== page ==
Move to Close 9 Border Patrol Stations Spurs Outrage

Tuesday, 10 Jul 2012 06:37 PM

By Todd Beamon

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A move by the Obama administration to close nine Border Patrol stations over four states has spurred outrage from local officials, members of Congress — even Border Patrol agents.

Though the affected stations are scattered throughout northern and central Texas, and three other states, critics say closing them will undercut anti-immigration efforts in busy areas north of the U.S.-Mexico border, Fox News reports.

The stations are being targeted for closure so U.S. Customs and Border Protection can reassign agents to busier areas closer to the border. One of the affected stations is in Riverside, Calif., just outside Los Angeles.

“These deactivations are consistent with the strategic goal of securing America's borders, and our objective of increasing and sustaining the certainty of arrest of those trying to enter our country illegally,” Bill Brooks, CBP spokesman, told Fox News in a statement. “By redeploying and reallocating resources at or near the border, CBP will maximize the effectiveness of its enforcement mandate and align our investments with our mission.”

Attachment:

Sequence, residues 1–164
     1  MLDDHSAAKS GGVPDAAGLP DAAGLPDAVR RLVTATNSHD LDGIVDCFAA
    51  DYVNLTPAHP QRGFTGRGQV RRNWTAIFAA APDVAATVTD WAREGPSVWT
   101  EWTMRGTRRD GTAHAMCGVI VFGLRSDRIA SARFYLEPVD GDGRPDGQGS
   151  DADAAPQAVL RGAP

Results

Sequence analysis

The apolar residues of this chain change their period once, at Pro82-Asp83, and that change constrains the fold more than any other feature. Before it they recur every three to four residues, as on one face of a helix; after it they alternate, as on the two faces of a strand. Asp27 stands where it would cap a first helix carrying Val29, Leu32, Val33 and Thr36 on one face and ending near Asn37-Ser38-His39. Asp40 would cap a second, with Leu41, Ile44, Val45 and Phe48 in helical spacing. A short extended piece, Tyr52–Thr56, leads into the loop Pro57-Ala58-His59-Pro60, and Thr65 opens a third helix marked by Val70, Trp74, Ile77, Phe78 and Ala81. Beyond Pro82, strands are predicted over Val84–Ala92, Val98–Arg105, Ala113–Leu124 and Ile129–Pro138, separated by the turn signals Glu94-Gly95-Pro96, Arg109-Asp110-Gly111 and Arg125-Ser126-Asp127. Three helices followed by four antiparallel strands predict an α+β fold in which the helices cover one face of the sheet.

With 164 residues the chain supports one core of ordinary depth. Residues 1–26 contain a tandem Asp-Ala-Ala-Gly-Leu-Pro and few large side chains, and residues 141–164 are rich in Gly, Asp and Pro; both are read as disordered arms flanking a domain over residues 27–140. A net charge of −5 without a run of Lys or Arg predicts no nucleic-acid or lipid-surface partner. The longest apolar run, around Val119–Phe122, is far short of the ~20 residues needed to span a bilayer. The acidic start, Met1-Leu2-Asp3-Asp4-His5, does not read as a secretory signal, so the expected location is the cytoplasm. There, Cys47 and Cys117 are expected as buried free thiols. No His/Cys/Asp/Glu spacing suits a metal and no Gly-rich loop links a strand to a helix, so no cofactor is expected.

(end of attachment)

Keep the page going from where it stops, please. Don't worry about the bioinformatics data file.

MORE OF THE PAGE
One Border Patrol supervisor in Texas, however, has asked local officers to “voice your concerns” to elected officials, since the closures would remove agents from the Texas Panhandle. Several members of Congress have asked Border Patrol Chief Michael Fisher to reconsider the plan.

Local officials also are fretting over what will happen once the Border Patrol leaves town, since they rely on those federal officials to assist with immigration arrests.

“It could impact us tremendously, since we've only got two agents up here now for 26 counties," Potter County Sheriff Brian Thomas told Fox.

Potter County, in the Texas Panhandle, would be affected by the planned closure of the Amarillo station.

While his area is far from the border, Thomas called it a major corridor for illegal immigrants. His office depends on the Border Patrol for help.

“I can't hold a carload of people out there on I-40 for eight hours while somebody comes from El Paso,” Thomas told Fox. “I mean, that’s just crazy.”

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